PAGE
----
Fully Cooked Project Template in Civil 3D
March 13, 2013 7 Comments
We’ve all seen project templates in Civil 3D that come pre-installed. There are a few folders to help organize drawings. Typically, you would create a new DWG, save it into one of those folders and start adding content. Maybe you then have to make a data shortcut. No create another file, make more content, and maybe add the data shortcut. Continue this until you have the full set of construction documents. Just this process of building a new set of project files can take at least a few days to complete.
But. What if you had a template based on a specific project type where most, if not all of the drawings, data shortcuts and xref’s were already established? Can’t be done you say? Read on doubter of efficiency…
Here’s the basic steps to accomplish this feat of, well, engineering.
- Create the project template with a set of typical folders.
- Add DWGs, XLS, DOC, JPG, DST and any other files you use to those same folders. Presumably, you have a file naming convention that doesn’t change from project to project. If you add a prefix or suffix to filenames, just add placeholders in this project template as a reminder (i.e.- PPPP-R-Topo.DWG).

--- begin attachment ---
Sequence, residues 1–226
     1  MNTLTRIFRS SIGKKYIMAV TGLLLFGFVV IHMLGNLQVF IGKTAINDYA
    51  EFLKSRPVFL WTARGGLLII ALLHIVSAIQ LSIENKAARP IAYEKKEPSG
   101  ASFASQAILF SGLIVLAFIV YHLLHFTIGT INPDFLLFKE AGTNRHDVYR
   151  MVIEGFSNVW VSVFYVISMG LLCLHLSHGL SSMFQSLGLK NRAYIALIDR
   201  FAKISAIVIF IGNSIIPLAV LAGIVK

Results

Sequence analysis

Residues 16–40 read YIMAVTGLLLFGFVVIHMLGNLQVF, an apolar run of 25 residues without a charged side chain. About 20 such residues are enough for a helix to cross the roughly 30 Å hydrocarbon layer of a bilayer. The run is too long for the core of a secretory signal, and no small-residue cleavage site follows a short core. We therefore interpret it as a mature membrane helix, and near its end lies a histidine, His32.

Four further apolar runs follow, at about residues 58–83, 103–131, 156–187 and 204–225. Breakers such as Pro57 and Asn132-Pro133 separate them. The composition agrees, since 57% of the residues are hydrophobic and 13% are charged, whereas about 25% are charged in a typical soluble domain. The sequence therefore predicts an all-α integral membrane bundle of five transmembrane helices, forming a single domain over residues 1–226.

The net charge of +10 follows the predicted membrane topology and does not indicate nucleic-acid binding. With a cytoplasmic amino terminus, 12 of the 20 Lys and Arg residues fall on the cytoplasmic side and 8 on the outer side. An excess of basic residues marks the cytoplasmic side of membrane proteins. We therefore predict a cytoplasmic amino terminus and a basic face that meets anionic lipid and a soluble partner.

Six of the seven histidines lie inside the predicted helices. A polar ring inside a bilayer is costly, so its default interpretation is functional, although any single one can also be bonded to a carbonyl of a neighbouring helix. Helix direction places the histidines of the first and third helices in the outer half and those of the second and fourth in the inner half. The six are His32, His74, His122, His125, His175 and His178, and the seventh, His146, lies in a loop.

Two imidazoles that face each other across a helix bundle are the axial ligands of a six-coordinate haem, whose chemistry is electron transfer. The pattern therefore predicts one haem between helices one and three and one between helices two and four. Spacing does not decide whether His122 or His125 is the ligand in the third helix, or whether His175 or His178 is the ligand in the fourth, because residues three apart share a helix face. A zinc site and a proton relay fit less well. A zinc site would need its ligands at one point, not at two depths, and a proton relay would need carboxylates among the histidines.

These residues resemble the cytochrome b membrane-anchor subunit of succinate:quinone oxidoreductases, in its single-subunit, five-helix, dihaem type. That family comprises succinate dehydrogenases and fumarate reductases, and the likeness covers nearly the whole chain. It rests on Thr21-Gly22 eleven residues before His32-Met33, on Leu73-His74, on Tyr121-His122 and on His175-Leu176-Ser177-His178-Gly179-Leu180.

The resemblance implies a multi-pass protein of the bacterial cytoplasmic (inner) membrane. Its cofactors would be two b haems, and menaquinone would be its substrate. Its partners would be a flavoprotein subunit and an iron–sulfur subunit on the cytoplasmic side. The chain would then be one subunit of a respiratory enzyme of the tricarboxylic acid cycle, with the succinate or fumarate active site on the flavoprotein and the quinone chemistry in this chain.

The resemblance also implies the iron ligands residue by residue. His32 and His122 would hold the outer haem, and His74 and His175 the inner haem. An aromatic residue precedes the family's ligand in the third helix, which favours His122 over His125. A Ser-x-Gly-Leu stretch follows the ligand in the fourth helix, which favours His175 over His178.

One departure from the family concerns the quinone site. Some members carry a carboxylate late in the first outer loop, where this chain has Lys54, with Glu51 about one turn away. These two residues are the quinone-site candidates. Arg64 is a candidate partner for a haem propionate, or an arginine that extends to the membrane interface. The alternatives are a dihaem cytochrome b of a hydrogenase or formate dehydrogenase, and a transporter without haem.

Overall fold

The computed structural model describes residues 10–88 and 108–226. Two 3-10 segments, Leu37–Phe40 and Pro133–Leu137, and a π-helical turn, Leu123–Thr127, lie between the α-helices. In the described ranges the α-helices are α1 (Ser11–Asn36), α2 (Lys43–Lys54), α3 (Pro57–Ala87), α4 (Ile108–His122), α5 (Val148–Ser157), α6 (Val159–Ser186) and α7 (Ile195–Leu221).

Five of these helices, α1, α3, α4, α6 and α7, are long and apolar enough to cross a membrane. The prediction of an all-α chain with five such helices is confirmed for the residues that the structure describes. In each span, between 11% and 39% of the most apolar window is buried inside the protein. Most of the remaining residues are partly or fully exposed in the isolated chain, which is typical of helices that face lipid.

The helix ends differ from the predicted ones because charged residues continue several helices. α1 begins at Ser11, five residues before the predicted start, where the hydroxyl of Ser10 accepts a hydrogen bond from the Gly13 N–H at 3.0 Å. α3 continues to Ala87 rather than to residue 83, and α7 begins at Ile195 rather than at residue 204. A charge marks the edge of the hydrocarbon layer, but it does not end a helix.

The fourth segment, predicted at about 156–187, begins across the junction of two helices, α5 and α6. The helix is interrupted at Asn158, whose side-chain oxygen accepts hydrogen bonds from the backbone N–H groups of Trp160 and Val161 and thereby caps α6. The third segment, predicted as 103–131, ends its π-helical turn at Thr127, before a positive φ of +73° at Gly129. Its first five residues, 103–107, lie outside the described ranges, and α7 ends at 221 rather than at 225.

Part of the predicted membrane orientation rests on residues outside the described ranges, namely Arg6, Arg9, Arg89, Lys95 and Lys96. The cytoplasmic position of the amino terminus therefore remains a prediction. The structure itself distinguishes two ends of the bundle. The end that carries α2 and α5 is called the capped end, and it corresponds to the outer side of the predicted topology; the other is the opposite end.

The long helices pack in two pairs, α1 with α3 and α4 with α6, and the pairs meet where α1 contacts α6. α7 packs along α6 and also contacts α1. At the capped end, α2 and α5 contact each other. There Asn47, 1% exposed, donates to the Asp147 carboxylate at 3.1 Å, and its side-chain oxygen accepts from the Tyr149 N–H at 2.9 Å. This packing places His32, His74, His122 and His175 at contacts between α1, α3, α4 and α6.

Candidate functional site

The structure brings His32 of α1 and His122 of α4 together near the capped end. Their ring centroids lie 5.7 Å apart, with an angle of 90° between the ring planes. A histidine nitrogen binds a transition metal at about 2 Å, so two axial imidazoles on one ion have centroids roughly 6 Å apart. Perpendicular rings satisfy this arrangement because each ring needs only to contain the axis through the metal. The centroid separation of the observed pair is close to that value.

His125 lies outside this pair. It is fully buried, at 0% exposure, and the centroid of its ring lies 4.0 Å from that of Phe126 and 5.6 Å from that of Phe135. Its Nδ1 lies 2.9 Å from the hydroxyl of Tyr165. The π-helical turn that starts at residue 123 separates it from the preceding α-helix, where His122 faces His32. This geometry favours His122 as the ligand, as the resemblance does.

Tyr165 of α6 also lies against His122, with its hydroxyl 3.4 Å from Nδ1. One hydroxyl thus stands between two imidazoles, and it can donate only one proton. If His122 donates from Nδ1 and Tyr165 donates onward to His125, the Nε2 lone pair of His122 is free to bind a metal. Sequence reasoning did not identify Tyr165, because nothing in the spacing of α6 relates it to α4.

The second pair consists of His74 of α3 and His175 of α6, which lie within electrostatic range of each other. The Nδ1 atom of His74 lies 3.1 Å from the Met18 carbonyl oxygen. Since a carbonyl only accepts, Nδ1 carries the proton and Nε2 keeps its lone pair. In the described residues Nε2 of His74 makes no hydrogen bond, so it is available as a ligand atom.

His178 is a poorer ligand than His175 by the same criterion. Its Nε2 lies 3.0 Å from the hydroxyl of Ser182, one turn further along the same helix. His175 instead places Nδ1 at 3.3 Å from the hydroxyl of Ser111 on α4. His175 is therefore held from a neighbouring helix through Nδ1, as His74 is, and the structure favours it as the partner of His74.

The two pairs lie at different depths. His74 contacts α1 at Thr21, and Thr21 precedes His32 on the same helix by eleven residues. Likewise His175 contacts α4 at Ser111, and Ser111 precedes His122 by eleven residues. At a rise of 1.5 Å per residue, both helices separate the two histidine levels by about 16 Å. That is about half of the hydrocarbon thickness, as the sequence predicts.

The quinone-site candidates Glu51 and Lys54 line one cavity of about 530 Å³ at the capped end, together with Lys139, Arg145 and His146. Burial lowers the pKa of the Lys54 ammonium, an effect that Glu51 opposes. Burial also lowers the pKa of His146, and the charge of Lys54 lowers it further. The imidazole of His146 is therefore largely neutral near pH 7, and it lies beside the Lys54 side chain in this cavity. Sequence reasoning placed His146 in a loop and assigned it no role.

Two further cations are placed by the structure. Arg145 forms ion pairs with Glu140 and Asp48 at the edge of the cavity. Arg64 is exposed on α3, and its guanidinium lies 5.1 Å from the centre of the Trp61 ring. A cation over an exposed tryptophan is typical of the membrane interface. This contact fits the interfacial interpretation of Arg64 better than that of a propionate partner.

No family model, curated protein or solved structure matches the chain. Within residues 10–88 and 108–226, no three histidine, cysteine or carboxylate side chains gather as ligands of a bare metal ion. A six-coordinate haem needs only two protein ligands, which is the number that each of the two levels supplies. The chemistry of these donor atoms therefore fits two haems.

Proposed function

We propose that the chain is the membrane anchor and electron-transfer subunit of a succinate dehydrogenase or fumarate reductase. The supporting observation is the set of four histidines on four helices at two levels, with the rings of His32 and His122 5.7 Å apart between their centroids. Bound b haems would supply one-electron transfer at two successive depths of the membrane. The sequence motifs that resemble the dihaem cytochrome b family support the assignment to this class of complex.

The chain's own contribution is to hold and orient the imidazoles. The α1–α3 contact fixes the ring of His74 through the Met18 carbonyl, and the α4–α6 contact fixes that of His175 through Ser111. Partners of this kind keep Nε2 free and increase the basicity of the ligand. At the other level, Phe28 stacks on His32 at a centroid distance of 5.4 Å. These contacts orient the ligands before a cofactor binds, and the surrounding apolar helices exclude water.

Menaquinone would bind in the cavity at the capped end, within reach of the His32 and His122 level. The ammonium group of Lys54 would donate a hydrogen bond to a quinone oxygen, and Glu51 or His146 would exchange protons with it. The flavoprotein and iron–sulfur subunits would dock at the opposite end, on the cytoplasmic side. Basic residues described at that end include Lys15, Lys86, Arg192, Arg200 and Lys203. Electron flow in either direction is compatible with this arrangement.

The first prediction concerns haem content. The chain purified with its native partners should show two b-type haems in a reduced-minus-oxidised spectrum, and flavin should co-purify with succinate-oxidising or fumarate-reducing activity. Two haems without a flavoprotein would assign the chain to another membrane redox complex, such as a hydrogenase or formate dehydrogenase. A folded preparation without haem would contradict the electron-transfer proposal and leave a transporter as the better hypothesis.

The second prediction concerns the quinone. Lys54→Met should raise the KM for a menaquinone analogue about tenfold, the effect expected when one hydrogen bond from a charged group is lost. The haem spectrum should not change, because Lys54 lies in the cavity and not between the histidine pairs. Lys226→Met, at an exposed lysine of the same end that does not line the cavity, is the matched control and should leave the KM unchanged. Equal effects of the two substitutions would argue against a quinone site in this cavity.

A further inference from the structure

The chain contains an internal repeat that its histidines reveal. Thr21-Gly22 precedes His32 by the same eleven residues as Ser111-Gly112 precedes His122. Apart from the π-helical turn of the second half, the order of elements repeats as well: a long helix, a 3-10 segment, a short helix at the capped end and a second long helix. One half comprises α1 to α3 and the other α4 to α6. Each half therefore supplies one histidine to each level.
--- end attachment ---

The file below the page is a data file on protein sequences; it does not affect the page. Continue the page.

- Add XREF’s to sheet and reference files, making sure to use relative paths. Yes, it doesn’t matter what level of folder structure the DWG may exist, AutoCAD will figure it out with the relative path. Just save the host DWG first.
- Add Civil 3D “container” objects to the appropriate files. By container, just create the objects with no data. Make sure to utilize your object naming convention here as well.
- Create a data shortcut project such that the _shortcuts folder falls in the appropriate place in your project template.
- Create data shortcuts using those container objects.
- Create references of those data shortcuts in the appropriate reference files.
That should just about complete most of a typical project for you. Create a new project using the new project template and you most of the way there. A few minor steps to do to complete the project creation.
- Use the data shortcut editor to resolve the paths of the objects to the new project location using find and replace (CTRL + R).
- Associate all DWGs in the new project folder to the new data shortcut project.
- Rename any files with prefixes or suffixes accordingly. If there are many, this could easily be done with a batch or script file.
- In sheet set manager, make sure to adjust where new sheets are to be saved, etc.
That’s it! No, really, that’s it. Now creating a new project should take about 5 minutes or less! You could even take an existing project and strip out the content and creating the project template would be that much faster!